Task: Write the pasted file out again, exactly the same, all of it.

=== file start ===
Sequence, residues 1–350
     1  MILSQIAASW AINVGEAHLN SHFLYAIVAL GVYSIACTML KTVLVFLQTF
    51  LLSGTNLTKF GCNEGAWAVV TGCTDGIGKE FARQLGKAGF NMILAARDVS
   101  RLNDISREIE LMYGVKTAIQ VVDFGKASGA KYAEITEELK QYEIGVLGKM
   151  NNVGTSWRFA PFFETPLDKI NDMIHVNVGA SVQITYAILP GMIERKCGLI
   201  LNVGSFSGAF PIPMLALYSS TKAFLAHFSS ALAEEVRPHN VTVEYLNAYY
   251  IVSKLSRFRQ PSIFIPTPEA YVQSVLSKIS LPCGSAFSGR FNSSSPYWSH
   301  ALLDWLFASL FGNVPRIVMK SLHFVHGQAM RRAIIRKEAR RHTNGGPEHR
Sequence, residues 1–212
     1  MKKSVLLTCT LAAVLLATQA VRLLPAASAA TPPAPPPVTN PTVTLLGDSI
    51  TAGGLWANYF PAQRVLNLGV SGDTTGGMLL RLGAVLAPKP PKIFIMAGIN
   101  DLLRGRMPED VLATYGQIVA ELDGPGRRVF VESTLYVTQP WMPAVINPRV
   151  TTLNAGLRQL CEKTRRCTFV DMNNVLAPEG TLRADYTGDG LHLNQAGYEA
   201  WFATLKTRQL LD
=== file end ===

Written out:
Sequence, residues 1–350
     1  MILSQIAASW AINVGEAHLN SHFLYAIVAL GVYSIACTML KTVLVFLQTF
    51  LLSGTNLTKF GCNEGAWAVV TGCTDGIGKE FARQLGKAGF NMILAARDVS
   101  RLNDISREIE LMYGVKTAIQ VVDFGKASGA KYAEITEELK QYEIGVLGKM
   151  NNVGTSWRFA PFFETPLDKI NDMIHVNVGA SVQITYAILP GMIERKCGLI
   201  LNVGSFSGAF PIPMLALYSS TKAFLAHFSS ALAEEVRPHN VTVEYLNAYY
   251  IVSKLSRFRQ PSIFIPTPEA YVQSVLSKIS LPCGSAFSGR FNSSSPYWSH
   301  ALLDWLFASL FGNVPRIVMK SLHFVHGQAM RRAIIRKEAR RHTNGGPEHR
Sequence, residues 1–212
     1  MKKSVLLTCT LAAVLLATQA VRLLPAASAA TPPAPPPVTN PTVTLLGDSI
    51  TAGGLWANYF PAQRVLNLGV SGDTTGGMLL RLGAVLAPKP PKIFIMAGIN
   101  DLLRGRMPED VLATYGQIVA ELDGPGRRVF VESTLYVTQP WMPAVINPRV
   151  TTLNAGLRQL CEKTRRCTFV DMNNVLAPEG TLRADYTGDG LHLNQAGYEA
   201  WFATLKTRQL LD